Frank Scozzafava served the Army 21 years as a cook, then after retiring at Fort Stewart in 1986, he continued serving fellow veterans and the community through veterans’ service organizations.
Scozzafava will tell you that he’s originally from New York, not that he needs to say it. His accent clearly indicates he’s not from South Georgia. Nonetheless, he will tell you Hinesville is his home now, having been here 35 years.
In addition to serving at Fort Stewart, Scozzafava’s Army career took him to lengthy assignments in Korea, Alaska, Italy and Germany. He even participated in Operation Bright Star in Egypt.
“I’m a ‘life member’ of the Disabled Veterans of America, Chapter 46,” Scozzafava said. “I’m also a life member of the Vietnam Veterans of America, Chapter 789; a life member of the Veterans of Foreign Wars, Post 6602; a life member of the (VFW’s) Military Order of the Cootie, and I’m the senior vice-commander of the American Legion, Post 168.”
For his work in those organizations and in the community, the recent widower has been recently recognized by Legion Post 168 as Legionnaire of the Year. Last week, as Scozzafava and other members prepared the post for a Christmas party, Commander Scott Simpson, an Air Force veteran from Wisconsin, paused to talk about their Legionnaire of the Year.
“We presented this award to Frank, who is our senior vice-commander, for his outstanding work in the American Legion and for his support in the community and for other veterans’ organizations,” Simpson said. “I’ve known Frank for probably eight or nine years.
“I knew his wife. They both were active members in the community. It’s my pleasure to award him as our Legionnaire of the Year.”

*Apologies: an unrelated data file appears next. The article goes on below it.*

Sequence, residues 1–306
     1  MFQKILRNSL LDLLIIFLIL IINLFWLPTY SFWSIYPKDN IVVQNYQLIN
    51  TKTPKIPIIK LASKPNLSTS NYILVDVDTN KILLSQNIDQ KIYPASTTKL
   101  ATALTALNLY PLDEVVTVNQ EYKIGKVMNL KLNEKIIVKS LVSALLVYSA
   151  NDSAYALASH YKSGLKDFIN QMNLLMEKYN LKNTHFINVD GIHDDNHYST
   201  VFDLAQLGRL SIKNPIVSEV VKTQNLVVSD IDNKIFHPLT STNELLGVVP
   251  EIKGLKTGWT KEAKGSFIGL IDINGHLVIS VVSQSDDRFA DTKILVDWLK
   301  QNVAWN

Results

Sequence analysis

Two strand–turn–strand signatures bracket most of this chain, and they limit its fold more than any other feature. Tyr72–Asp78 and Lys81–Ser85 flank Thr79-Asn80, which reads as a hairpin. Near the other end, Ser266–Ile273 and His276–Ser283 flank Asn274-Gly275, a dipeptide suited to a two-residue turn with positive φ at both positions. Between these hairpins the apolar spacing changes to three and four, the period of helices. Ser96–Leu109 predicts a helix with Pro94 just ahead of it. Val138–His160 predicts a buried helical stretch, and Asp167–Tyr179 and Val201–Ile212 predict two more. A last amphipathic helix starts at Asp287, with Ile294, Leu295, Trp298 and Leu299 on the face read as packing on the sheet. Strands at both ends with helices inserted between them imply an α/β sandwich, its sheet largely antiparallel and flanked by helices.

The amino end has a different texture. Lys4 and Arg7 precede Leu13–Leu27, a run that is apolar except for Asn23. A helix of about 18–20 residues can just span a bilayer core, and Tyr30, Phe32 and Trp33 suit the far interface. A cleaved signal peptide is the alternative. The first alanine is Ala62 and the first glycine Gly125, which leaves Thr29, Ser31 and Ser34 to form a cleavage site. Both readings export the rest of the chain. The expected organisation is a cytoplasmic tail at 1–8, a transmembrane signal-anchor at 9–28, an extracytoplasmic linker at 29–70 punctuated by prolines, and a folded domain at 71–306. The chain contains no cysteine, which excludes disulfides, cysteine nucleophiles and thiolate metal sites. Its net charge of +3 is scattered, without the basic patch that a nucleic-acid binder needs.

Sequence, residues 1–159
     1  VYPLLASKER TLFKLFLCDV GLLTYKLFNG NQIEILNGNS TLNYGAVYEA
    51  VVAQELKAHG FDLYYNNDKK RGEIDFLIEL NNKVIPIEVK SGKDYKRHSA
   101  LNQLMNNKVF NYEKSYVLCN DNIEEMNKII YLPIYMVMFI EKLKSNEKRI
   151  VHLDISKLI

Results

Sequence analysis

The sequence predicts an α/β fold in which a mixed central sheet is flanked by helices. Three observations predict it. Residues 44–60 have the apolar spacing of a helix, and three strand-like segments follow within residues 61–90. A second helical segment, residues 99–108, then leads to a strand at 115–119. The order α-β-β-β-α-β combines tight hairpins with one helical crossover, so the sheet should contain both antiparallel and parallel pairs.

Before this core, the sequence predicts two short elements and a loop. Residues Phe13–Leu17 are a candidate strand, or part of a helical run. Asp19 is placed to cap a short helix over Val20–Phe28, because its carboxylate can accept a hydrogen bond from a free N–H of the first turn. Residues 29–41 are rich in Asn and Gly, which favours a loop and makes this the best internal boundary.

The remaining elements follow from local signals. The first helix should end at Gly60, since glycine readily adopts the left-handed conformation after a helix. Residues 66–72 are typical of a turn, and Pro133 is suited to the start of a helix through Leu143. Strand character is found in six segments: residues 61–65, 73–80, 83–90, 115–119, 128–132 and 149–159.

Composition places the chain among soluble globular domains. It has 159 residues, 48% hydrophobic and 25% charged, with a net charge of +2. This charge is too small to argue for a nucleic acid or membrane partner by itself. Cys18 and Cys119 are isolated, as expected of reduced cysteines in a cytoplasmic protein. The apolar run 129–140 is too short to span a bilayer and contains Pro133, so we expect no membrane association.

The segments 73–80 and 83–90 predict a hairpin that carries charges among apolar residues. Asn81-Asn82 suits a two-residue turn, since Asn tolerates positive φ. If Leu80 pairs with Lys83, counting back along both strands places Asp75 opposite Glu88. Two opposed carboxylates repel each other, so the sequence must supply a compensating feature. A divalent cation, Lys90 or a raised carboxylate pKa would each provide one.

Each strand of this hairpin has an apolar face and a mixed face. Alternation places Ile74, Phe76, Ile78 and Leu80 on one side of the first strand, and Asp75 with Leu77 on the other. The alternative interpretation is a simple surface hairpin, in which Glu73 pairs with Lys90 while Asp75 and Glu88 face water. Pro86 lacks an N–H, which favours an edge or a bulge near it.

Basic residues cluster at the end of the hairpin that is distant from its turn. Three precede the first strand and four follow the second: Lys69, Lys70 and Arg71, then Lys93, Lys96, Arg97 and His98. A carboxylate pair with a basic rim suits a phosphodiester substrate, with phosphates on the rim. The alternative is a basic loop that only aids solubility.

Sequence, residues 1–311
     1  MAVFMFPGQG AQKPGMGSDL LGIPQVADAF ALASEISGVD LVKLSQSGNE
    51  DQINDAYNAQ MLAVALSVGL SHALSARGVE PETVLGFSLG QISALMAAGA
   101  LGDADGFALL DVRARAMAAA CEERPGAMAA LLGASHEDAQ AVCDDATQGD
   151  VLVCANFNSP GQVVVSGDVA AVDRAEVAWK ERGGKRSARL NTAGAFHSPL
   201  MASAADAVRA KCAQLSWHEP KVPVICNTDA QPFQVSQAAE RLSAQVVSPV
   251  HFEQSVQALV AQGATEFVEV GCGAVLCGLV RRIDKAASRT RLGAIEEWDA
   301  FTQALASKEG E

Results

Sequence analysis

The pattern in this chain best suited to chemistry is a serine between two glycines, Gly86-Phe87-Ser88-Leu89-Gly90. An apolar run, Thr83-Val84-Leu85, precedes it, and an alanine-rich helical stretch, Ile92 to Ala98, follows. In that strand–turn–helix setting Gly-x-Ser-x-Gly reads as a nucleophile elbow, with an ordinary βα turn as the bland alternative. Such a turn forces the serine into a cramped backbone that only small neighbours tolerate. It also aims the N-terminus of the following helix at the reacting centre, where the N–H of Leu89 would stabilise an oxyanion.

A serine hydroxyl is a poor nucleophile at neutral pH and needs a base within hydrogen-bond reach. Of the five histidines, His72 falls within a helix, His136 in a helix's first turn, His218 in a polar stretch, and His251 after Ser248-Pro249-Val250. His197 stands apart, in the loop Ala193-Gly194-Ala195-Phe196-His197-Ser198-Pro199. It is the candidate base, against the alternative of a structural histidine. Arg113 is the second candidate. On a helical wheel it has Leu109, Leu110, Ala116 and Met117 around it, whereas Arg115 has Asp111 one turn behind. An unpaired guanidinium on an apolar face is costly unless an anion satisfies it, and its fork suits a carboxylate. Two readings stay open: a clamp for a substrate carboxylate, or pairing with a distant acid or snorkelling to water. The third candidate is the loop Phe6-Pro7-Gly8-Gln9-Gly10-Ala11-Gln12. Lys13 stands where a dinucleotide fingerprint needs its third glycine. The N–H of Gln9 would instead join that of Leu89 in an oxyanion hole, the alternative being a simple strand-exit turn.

Like most veterans, Scozzafava is proud of his service. During the recent Wreaths for Warriors Walk He volunteered to drive a golf cart for ailing and elderly relatives of soldiers represented at Warriors Walk.
Even Scozzafava’s home reflects his patriotism and military service. A flag pole waves a full-size Old Glory. It’s guarded by a nearly life-size statue of an American soldier. The statue has been painted with a bright camouflage pattern to reflect the battle dress uniform worn by soldiers during much of his time in the Army.
“They had a bunch of these statues at Walmart that some kids had busted up,” he said, explaining that he repaired and gave away several. “I picked up 10 of them and gave most to veterans’ organizations, but I kept one. A lady across the street wanted to paint it like a G.I. It took her about two weeks. I think it looks good.”
Other American symbols include a rock with an American flag painted on it. There’s also a trail of dark ashes surrounding the statue and flag pole.
“They burned the old eastern redbud trees in a ceremony at Warriors Walk,” Scozzafava explained. “They were giving out bags of ashes to anybody who wanted them, so I took two bags and spread them at the feet of my soldier.”